Study Detects New Culprit in Deadly 2004 Earthquake: The Himalayas
Scientists have found that the Himalayas played a role in the generation of the magnitude-9.2 Sumatran earthquake on 26 December 2004, which, together with the massive tsunami that followed, killed more than 250,000 people, making it one of the deadliest natural disasters in history.
An international team of scientists, including from the National Centre for Antarctic and Ocean Research in Goa, who wanted to find out what caused such a large earthquake and tsunami have found that the Himalayas, several hundred kilometres away from Sumatra, was an accomplice.
Results of their research, conducted as part of the International Ocean Discovery Programme, have been published in the 26 May issue of the journal Science.
Scientists had thought that sediments piling up at plate boundaries, also known as subduction zones, would put the brakes on a rupture, making it less likely to start a huge tsunami. But an examination of core samples drilled from the sediments feeding into the plate boundary between Indonesia and the Indian Ocean showed something different.
From an oceanographic ship, the research team drilled down 1.5 km below the seabed and sampled the sediment and rocks from the tectonic plate that feeds the Sumatra subduction zone. The researchers found that, over time, the sheer volume of Himalayan grist was compressing the thick sediments to generate warm temperatures and strengthen the sediment prior to subduction.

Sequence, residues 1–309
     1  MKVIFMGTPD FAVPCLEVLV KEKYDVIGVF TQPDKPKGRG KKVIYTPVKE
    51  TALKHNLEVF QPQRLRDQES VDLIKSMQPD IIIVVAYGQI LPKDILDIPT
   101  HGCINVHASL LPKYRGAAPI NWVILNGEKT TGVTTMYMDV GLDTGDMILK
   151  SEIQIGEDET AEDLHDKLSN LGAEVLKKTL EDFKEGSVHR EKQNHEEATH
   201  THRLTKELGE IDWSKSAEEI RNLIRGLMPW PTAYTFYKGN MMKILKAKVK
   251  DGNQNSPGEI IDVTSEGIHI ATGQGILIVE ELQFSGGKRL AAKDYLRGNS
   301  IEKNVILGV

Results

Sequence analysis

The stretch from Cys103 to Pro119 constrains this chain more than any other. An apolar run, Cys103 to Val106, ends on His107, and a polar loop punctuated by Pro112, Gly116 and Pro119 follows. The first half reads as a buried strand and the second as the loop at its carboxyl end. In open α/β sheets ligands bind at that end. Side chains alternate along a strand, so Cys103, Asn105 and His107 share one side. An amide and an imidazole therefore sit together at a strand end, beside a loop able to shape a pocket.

This resulted in a very large fault area and increase in the severity of the earthquake "and helped ensure that the full force of the rupturing fault reached the sea floor, amplifying the tsunami". Based on the research, India's foremost expert in tsunami geology at the Jawaharlal Nehru Centre for Advanced Scientific Research in Bengaluru, had this to say:
The authors’ suggestion that the strengthened sediments within the subduction zone off Sumatra may have played a role in facilitating the deadly tsunami is very interesting. But this could be only one of the factors. [...] There are geometrical considerations. Proximity to the trench and therefore the depth of water are other factors that decide if the earthquake would actually lead to a tsunami.CP Rajendran in an email to IANS correspondent
Rajendran said the insight from this study will indeed help in reevaluating the tsunami hazards off the Makran Coast and Cascadia off the north-western coast of the US, which are repositories of huge accumulation of sediments like off Sumatra.